Dear Abby: My mom divorced my dad two years ago because he's an alcoholic. Dad's a good guy, but when he's drunk he gets mean and hateful -- and sometimes violent.
Mom has benefited from the divorce and is much happier. About a year ago, she met a wonderful guy I'll call Dan. I like him a lot and he makes Mom happy.
My dad, on the other hand, hasn't done so well. He blames Mom for everything that's gone wrong with him and even accused her of divorcing him because she was having an affair (which is absolutely not true).
I will be graduating from high school next month. I can't NOT invite either parent, because I know they'd be hurt. I also can't NOT invite Dan because he's like a second father to me. What should I do, Abby? My fear is that my father will arrive drunk at my graduation, cause a scene or start a fight with Dan. Any advice would be appreciated.
-- Girl About to Graduate
Dear About to Graduate: Talk to your father about your concerns. If he cannot promise faithfully that he will behave like a gentleman, do not invite him. Tell him that this is your day -- not his, not your mother's and not Dan's -- and you need to be assured it won't be spoiled.
Encouragement for gay troops
Dear Abby: Whenever I read in one of your columns a reminder about sending messages of encouragement to personnel in the military, I become frustrated. I would like to send a message, but I'm not sure where to send it.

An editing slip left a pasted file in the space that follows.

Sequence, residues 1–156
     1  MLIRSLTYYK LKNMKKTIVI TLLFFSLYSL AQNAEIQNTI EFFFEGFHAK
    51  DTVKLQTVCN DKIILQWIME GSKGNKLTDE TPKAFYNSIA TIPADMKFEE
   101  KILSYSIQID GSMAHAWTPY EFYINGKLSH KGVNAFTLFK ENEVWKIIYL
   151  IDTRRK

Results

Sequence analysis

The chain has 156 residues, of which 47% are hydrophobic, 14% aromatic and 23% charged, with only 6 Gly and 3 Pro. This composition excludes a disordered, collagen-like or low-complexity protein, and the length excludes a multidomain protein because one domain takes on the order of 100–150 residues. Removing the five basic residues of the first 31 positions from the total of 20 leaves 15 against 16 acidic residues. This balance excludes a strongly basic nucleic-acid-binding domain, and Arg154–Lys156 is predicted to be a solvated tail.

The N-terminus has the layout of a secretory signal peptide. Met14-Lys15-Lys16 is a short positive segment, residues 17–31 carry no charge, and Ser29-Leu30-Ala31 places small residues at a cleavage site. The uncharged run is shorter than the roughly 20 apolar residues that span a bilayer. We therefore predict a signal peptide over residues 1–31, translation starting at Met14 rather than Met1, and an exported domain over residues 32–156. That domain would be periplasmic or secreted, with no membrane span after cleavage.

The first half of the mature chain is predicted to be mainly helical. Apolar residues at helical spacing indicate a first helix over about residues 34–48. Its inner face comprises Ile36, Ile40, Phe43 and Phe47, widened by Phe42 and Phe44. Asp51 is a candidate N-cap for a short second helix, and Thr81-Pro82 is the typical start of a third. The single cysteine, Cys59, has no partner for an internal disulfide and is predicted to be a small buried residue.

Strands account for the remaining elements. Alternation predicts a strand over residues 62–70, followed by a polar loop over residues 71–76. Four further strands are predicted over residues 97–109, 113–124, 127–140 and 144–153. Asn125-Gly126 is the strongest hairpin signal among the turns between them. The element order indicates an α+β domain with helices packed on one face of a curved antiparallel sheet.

I want to send encouragement, love and heartfelt thanks to all the gay men and women who serve our country whenever and wherever they are needed. In an already stressful situation, they have the added stress of staying in the closet. They not only have to fear the enemies of our country, but also that a homophobic colleague will betray them.
As it was in the Gulf War, their sexual orientation will be ignored because they are needed, but as soon as the action and/or threat is over, they will be tossed aside as many before them have been.
Please, Abby, let them know that we admire, care and think about them and the sacrifices they are making.
-- Martin in Fort Lauderdale, Fla.
Dear Martin: Thank you for pointing out the unfairness of "situational discrimination." A person's sexual orientation has nothing to do with his or her degree of patriotism or ability to successfully defend our country.
Split prom costs
Dear Abby: My son is a junior in high school and dating "Lynn," who's a senior. They've been going together for nearly nine months.
Lynn asked my son to go with her to the senior prom. I am unsure about the proper etiquette regarding money. How much of the cost should my son be responsible for?
Keep in mind that it is HER prom. She invited him to be her date. Is it OK for them to split the expenses? My son seems to think he should pay for everything, but I disagree. Please give us some advice, Abby. He's nervous enough as it is!
-- Southern California Mom
Dear Mom: Your son should not pay for everything. Even though he was invited, it would be appropriate for him to offer to pay half the cost. They could do it this way: He buys dinner, her corsage, and provides the transportation. She buys the tickets for the prom, his boutonniere and the photographs.